J.D. Thorpe

Many – including the Occupy Wall Street (OWS) crowd – have expressed outrage over Bank of America’s recent attempt to charge customers a $5 monthly fee to use their debit card. These people deplored the move and used it as another symbol of greedy Wall Street “Robber Barons” sticking it to the little guy.

However, a remarkable turn of events occurred two days ago. Bank of America backed down and eliminated their upcoming debit card fee. So who’s responsible for this victory over the bank titan?

No, it’s not the degenerate OWS liberals gathered in major cities around the nation. Rather, it’s a victory that belongs to the free market.

Bank customers are not coerced into doing business; they choose to conduct business on a voluntary basis. Customers can choose from a wide variety of banking institutions, or they are free to hide their money under their mattress if they find that option preferable.

In the case of Bank of America, executives decided to quell the backlash from customers by canceling the new program. This happened because of pressure applied by a petition that garnered over 300,000 signatures and a flood of customers who threatened a mass exodus.

Bank of America wasn’t the only major institution attempting to implement the debit card fee. JPMorgan Chase and Wells Fargo were also preparing to test a $3 debit card fee in select markets – a measure they have subsequently canceled.

Thus, the monthly debit card fee project has gone down in flames, and the banks involved are in full damage-control mode now. But there’s a more salient point that shouldn’t be neglected.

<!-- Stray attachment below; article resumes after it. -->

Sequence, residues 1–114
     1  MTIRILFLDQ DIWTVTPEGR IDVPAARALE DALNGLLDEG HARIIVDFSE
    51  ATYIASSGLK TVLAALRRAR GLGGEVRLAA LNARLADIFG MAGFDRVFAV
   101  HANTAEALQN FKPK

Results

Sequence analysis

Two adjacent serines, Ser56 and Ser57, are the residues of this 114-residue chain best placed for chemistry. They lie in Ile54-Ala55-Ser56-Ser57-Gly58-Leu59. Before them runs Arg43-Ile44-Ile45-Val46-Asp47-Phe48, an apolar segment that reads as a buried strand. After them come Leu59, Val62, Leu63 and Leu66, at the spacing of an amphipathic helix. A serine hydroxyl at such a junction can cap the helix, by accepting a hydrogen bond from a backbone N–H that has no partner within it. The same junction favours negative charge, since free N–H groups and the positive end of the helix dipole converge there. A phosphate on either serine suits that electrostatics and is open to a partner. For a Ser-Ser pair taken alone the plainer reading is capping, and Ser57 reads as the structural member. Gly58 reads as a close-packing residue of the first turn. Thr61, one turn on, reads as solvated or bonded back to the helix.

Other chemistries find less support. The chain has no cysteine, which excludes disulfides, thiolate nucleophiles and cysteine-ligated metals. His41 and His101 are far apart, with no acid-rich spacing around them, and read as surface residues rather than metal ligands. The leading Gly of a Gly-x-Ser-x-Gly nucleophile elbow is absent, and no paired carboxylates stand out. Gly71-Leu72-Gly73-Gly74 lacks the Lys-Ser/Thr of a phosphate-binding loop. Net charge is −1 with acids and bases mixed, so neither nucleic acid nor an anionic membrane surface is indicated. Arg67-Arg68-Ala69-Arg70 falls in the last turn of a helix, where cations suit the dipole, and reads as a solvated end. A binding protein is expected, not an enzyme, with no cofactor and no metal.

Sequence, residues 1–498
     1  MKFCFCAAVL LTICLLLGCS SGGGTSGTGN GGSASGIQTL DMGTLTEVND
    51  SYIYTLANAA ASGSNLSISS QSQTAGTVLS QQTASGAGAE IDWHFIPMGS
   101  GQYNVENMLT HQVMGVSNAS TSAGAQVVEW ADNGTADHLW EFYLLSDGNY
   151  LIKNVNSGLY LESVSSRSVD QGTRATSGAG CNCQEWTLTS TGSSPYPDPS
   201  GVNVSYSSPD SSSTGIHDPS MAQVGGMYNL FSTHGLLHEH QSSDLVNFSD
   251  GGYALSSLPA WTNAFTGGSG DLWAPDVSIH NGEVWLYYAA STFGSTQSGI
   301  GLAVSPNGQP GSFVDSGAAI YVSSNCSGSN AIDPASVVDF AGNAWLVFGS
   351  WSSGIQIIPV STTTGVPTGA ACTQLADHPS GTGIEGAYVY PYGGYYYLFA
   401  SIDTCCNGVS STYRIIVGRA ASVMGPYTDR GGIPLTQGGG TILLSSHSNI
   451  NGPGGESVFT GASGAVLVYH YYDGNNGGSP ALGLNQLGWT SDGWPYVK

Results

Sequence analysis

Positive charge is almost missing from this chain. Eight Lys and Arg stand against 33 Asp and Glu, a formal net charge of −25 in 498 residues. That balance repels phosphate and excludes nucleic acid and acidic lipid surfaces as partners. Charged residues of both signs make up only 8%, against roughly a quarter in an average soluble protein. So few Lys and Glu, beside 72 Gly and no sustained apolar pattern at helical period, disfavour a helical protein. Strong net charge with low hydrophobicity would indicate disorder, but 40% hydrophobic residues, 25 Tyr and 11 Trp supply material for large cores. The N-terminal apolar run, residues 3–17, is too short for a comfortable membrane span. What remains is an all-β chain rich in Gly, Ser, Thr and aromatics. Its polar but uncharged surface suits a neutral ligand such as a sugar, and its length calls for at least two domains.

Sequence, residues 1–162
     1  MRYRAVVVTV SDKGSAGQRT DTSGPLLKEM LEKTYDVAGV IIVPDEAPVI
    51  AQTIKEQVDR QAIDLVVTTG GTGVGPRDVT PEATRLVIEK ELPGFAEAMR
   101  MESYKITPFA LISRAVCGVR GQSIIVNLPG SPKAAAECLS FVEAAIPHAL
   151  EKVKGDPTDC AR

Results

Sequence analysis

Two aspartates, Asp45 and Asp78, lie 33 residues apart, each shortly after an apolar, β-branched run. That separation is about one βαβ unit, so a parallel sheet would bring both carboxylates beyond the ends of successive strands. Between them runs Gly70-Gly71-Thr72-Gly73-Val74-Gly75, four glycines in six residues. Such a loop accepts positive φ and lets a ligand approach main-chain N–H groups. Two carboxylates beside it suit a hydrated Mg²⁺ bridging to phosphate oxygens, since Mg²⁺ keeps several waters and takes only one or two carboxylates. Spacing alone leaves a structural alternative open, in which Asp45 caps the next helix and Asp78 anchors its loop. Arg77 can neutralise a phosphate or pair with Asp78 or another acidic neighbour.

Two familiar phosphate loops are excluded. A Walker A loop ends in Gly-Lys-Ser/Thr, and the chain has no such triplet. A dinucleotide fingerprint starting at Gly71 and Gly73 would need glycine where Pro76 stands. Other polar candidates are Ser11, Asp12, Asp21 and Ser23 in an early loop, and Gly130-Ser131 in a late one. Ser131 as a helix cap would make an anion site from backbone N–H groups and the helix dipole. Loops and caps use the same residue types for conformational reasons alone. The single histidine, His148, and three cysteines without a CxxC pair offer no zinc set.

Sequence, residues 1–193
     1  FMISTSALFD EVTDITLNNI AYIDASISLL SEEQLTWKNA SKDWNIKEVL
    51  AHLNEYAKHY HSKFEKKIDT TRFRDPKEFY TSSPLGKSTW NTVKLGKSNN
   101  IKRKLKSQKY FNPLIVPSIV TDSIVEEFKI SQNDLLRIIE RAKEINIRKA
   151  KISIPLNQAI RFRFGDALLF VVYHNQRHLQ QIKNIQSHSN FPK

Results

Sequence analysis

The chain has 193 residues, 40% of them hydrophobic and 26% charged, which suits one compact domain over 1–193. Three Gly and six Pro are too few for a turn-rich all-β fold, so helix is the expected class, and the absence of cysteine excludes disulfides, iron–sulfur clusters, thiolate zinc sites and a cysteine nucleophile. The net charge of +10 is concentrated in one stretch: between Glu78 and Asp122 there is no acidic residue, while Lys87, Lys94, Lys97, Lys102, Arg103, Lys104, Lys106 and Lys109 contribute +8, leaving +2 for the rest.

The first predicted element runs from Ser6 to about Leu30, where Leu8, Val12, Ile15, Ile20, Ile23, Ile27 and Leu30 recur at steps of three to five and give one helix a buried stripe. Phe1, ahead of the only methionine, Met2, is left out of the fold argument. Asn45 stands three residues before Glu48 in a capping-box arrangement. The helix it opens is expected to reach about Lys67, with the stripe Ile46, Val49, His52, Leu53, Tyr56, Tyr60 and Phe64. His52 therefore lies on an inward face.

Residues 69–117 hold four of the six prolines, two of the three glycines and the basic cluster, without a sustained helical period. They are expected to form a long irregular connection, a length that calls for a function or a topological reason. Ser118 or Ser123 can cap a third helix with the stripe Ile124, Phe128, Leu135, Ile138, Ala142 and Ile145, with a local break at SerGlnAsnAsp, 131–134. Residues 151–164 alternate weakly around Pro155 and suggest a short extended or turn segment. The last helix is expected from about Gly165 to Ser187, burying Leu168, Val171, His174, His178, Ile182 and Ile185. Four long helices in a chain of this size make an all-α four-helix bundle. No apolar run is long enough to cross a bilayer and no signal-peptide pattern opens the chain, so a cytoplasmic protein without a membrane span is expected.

The focus should be on demonizing banks that wanted to experiment with this new model. Instead, the question that needs to be raised is: Why were these banks attempting to implement this new fee? In other words, who was the real culprit?

And the answer to these questions is quite simple: the financial reform bill of 2010.

This bill – also known as Dodd-Frank – created a massive amount of new regulations and greatly expanding the federal government’s reach into the banking sector.

The genesis of the debit card fee debacle was Dodd-Frank’s authorization of the Federal Reserve to cap the rate banks can charge merchants for debit card transactions. Using its new authority, the Fed capped merchant fees at 24 cents per transaction – cutting the fee nearly in half from the industry average of 44 cents.

As a result, JPMorgan Chase and Wells Fargo reported potential revenue losses of $300 million and $250 million per quarter respectively. These banks are not run by inherently evil people that want to see lower-income and middle-class Americans suffer.